Since the start of this project, their Community Foundation partner, the Clayoquot Biosphere Trust (CBT), has witnessed how popular the West Coast Community Connections: Bridging our Youth program has become. For their 2018 funding cycle, the CBT's Youth & Education granting committee identified youth-driven projects as a funding priority. This will continue building the momentum gained with the West Coast Community Connections: Bridging our Youth program.

Vancouver – Hey Neighbour!

Hey Neighbour! is a pilot program working to create a better sense of belonging and connection in multi-unit residential buildings in the City of Vancouver. Research indicates that social connections are lower amongst those who rent and also amongst those who live in higher density dwellings. There are two different buildings participating in this pilot – one a 21-story building with about 500 residents, the second a 6-story building with about 90 residents.

The program relies on Resident Animators appointed within each of the buildings. Residents of the building themselves, the Animators’ role is to experiment with activities and events to bring neighbours together. By empowering residents to act as champions within their building, the project aims to “socially retrofit” existing market rental buildings to become friendlier, more inclusive and resilient communities.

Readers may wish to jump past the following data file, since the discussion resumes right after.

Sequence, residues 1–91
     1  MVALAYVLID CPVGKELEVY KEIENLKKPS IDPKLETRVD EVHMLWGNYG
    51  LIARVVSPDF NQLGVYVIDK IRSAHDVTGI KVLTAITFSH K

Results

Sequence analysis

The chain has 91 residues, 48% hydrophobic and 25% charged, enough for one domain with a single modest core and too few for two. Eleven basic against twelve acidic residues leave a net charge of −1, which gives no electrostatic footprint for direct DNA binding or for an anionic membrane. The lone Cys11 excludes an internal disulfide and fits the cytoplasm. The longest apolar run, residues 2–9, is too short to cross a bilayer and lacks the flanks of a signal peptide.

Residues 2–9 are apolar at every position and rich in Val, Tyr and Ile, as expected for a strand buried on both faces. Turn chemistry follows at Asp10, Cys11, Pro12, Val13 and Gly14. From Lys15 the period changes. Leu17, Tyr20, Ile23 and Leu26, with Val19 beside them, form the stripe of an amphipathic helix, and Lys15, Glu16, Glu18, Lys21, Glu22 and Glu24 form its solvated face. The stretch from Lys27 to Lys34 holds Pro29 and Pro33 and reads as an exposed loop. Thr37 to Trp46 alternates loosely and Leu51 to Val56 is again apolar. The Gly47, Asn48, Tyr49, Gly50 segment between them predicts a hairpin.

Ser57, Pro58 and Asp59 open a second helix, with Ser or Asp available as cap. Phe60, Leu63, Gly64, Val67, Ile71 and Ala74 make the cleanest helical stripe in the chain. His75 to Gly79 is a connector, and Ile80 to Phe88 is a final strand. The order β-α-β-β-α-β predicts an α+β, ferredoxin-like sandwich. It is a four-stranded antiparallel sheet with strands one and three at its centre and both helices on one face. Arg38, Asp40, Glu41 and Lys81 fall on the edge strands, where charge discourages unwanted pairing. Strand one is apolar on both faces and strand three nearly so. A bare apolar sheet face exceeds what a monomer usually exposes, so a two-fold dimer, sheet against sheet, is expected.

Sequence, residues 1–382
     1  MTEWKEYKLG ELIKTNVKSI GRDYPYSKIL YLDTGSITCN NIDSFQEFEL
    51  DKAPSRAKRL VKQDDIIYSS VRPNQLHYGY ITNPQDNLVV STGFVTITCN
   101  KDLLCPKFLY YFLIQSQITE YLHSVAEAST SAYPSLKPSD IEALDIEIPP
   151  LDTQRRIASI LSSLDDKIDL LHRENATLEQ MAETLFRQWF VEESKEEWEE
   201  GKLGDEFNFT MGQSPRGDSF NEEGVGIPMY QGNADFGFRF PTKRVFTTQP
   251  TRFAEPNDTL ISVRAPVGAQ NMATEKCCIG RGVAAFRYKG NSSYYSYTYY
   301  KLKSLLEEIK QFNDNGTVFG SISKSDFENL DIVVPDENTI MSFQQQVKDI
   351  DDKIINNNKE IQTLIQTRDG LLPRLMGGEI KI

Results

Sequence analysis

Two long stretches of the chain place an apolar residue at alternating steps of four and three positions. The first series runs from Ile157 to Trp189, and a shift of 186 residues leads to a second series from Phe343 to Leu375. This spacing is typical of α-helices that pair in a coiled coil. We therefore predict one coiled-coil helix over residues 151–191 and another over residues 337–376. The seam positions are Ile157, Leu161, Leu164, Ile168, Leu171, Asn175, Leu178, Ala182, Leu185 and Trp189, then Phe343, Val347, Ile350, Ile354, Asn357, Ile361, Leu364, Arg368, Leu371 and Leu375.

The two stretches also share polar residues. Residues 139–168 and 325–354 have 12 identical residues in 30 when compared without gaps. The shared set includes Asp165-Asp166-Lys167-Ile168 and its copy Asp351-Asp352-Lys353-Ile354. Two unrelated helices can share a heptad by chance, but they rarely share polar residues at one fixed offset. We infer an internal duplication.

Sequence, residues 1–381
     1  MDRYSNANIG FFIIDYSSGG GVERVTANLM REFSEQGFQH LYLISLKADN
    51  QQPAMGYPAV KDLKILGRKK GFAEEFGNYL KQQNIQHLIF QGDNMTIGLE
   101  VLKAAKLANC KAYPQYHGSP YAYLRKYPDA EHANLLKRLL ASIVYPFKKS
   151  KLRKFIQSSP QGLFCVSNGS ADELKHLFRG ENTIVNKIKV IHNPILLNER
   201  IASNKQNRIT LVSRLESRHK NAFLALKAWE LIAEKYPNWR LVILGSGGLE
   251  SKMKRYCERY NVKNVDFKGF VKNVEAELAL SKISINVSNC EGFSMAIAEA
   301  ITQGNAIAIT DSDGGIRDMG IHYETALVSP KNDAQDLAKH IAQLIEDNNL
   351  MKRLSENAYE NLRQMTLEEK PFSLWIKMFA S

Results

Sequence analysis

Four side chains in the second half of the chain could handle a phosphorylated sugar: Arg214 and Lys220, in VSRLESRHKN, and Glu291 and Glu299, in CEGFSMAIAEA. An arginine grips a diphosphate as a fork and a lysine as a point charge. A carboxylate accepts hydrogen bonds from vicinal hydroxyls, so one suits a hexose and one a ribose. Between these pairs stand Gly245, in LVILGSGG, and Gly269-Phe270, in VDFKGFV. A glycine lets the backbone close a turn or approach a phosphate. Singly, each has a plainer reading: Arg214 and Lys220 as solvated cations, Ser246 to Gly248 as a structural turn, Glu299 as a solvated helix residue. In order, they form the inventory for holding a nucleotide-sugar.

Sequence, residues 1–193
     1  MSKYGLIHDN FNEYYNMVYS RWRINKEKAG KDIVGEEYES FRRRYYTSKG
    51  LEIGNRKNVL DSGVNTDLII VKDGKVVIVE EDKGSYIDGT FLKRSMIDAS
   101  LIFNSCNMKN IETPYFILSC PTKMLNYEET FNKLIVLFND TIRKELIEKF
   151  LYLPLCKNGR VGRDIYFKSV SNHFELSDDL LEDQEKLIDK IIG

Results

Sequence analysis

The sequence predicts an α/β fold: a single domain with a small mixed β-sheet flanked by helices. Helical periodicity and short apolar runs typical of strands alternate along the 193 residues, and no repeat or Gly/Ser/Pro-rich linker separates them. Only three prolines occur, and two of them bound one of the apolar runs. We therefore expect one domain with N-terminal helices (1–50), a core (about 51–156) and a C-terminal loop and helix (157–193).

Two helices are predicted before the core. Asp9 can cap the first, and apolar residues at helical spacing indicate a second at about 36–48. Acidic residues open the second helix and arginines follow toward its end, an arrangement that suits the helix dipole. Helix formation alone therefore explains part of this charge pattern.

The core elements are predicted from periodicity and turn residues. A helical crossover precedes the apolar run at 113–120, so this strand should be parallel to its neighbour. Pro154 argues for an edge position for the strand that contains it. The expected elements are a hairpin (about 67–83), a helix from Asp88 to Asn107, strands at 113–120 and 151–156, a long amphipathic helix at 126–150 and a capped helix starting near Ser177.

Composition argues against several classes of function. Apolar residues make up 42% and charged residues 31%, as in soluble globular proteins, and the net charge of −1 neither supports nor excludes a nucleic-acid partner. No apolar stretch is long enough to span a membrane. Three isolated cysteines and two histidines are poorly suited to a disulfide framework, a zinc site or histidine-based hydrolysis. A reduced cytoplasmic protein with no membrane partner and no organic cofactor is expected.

The larger building has already held a meet and greet with food and snacks to launch the project. Their first events included a morning walk and coffee, and an Easter egg hunt. In both projects, the City has built a strong partnership with the buildings’ Property Management companies to build support for the long-term sustainability of the program. The project will create a Toolkit of Ideas for Resident Animators to contribute to and draw from. This resource will be available for other projects to use to help develop their own Hey Neighbour!-style program.

Surrey – The Connected Clayton Family Project

Surrey’s project focuses on family connections in Clayton, a neighbourhood that has seen dramatic growth and development over the last 10-15 years. The project’s coordinators have been engaging residents through conversations and surveys to help identify root causes and innovative action around issues of disconnectedness. More than 130 residents have been part of the conversation, and a neighbourhood survey generated 850 responses. The findings are helping to build the foundation for future collaborations between stakeholders and community groups. The project’s next steps are to share their findings with the community, and to identify community leaders/champions who will set the stage and create opportunities for connections within their neighbourhood.